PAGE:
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The Helena Arkansas Daily World - Helena, AR
  • Phillips County hold town hall meeting for short-term strategic plan

  • Plan Facilitation Director Jennifer Watkins listened to what community, city leaders and councilman want implemented in Phillips County's strategic plan for the next 3 to 5 years. Delta AHEC was the setting last Thursday evening for a public town hall session.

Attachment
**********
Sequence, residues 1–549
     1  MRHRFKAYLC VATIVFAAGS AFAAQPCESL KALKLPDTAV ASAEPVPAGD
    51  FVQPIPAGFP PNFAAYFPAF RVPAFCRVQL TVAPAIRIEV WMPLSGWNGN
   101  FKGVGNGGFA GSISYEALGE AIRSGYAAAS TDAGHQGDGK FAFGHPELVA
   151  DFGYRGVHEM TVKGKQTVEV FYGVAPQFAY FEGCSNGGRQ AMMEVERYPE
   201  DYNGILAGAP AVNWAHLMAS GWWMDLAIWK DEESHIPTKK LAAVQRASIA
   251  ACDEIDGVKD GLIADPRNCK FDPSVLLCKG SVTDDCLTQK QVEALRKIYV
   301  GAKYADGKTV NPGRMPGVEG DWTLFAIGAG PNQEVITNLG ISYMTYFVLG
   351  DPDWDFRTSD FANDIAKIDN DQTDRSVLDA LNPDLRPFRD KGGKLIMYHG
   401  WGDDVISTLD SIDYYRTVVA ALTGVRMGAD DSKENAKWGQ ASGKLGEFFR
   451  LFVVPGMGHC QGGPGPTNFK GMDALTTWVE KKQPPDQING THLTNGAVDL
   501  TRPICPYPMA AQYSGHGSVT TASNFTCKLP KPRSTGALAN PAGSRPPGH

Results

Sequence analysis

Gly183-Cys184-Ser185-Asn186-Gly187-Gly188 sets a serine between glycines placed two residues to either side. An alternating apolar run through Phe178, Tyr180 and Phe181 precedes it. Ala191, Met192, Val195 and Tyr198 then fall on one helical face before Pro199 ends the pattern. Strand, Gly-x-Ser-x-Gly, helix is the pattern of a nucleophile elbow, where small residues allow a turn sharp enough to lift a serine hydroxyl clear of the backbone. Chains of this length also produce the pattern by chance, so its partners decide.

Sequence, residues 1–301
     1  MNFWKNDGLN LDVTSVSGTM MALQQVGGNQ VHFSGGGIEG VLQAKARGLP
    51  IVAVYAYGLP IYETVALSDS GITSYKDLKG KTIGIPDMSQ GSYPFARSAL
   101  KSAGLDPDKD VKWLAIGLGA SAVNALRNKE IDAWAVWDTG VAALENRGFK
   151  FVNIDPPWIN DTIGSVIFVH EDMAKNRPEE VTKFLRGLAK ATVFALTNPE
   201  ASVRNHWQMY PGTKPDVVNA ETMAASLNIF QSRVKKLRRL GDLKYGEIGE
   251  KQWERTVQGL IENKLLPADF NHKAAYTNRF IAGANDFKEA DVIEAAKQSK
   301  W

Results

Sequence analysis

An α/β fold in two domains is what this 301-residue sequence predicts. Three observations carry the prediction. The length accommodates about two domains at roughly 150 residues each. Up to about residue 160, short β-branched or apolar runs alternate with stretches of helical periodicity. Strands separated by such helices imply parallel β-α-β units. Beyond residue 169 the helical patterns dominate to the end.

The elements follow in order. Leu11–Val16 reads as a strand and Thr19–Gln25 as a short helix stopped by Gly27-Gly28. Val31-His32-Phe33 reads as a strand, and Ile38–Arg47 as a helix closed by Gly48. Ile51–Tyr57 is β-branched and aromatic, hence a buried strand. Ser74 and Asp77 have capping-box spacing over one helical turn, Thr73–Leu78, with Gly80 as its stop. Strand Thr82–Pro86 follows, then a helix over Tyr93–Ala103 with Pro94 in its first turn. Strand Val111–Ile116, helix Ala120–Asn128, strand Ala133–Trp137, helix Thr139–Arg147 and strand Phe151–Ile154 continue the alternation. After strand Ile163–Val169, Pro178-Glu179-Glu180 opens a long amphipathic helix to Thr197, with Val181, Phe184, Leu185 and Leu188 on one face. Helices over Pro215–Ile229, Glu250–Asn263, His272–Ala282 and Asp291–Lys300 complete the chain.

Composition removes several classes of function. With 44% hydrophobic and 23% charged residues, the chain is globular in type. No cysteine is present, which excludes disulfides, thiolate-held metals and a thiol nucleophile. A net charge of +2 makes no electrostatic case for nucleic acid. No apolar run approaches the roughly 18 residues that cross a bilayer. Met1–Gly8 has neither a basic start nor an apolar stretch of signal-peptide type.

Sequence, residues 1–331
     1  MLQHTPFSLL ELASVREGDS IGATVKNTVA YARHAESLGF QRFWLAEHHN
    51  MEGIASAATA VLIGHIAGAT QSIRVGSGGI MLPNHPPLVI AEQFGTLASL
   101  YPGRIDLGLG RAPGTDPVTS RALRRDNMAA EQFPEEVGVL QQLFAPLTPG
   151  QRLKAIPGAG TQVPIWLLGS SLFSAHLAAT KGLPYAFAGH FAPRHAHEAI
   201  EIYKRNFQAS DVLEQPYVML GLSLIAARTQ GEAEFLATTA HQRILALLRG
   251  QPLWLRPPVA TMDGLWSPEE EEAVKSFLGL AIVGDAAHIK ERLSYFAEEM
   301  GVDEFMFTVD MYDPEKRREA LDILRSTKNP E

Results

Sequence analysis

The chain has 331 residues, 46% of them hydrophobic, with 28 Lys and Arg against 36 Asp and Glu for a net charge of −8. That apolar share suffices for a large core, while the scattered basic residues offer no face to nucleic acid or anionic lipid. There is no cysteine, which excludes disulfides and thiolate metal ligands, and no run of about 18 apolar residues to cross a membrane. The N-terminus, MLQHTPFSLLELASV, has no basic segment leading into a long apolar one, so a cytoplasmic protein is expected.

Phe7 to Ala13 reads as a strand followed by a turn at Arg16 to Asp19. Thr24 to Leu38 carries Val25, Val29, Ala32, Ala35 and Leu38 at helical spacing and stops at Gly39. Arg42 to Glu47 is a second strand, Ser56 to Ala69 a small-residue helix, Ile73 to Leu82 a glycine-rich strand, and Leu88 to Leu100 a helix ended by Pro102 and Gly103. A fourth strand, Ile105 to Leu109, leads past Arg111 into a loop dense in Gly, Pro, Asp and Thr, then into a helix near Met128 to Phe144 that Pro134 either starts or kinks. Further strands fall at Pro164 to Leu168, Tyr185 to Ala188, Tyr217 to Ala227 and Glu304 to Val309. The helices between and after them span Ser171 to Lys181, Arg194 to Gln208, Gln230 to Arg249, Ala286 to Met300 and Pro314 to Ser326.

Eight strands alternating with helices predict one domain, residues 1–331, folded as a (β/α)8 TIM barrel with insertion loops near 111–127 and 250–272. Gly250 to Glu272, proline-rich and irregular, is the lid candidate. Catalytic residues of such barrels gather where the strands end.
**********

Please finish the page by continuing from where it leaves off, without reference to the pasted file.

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  • Plan Facilitation Director Jennifer Watkins listened to what community, city leaders and councilman want implemented in Phillips County's strategic plan for the next 3 to 5 years. Delta AHEC was the setting last Thursday evening for a public town hall session. “Back in 2005 Phillips County put together a strategic community plan under the banner of the Delta Bridge Project,” reported Doug Friedlander, executive director of the Phillips County Chamber of Commerce. According to Friedlander, Phillips County's 5-year plan ended, after which a 10-year plan was proposed. “After three or four years of doing rapid community development, you find out that some of the things that you thought of doesn't make sense any more or doesn't really pertain to the now factor any more,” commented Friedlander. Friedlander explained the Eastern Arkansas Planning Commission of the 12-county region, got a grant from the Universal Housing for Rural and Urban Development to come up with a regional strategic plan, which required each community to come up with their own strategic plan. “We decided that this would be the golden opportunity to revisit and review that plan,” commented Friedlander. “Nobody knows your community more than you and once we do this logical analysis this will better determine what your assets are and what type of things should be reflected in the strategic plan,” stated Watkins. According to Watkins, the community should look at the ability to produce results including the capacity the community has to get something done. “What do you as members of your community want to see happen in your community?” Watkins asked. Watkins touched base on business recruitment, business retention and expansion, agriculture, cultural tourism, downtown development, educational development, health care, and infrastructural development along with many other quality of life initiatives such as animal control, leadership, housing, beautification, and pride. “This is about expanding partnerships with other resources, forming partnerships within city borders and with other organizations to better accommodate the needs of the citizens,” explained Watkins. Watkins added that the steering committee of the strategic plan commission met all day Thursday to discuss the logical analysis of economic development in Phillips County and answered a lot of questions on what kind of city's assets are strongly encouraged and what could possibly make it to the strategic plan recommendations. Audience members were given two handouts in which the steering committee presented a tentative list of some of the aspects that deserves to be reviewed. Participants were asked to voice their community insight as to what venues should be implemented in the strategic plan. “We need to make sure of the direction of where as a community you want to go,” said Watkins. Community members voiced their concerns about abandoned buildings. “We need to be able to utilize the facilities that we do have and incorporate a Christian youth center so that our young people can experience and understand the needs of our community,” commented a concerned citizen. Citizens also voiced that the lack of communication between entities and organizations is hindering the public from being aware of what is really going on in the community. By a show of hands, citizens told how they received their source of news, including church bulletins, flyers, local radio and TV stations and word of mouth. “They (the school district) did a really good job spreading the word about this meeting by sending notification home with each student,” commended a former local teacher. Audience members also addressed their concerns about animal control, saying the numbers of strays have increased and their concerns have increased involving public safety and preventing more strays in the future. “We have not finalized any strategy but we did agree that if we put a lot of our energy into recruiting new businesses over the next 3 to 5 years, that would be the smartest use of our time and our resources,” commented Friendlander. According to Friedlander, the goal is to address and review the initiatives that can be done within the short-term period and then move forward with the long-term goals.
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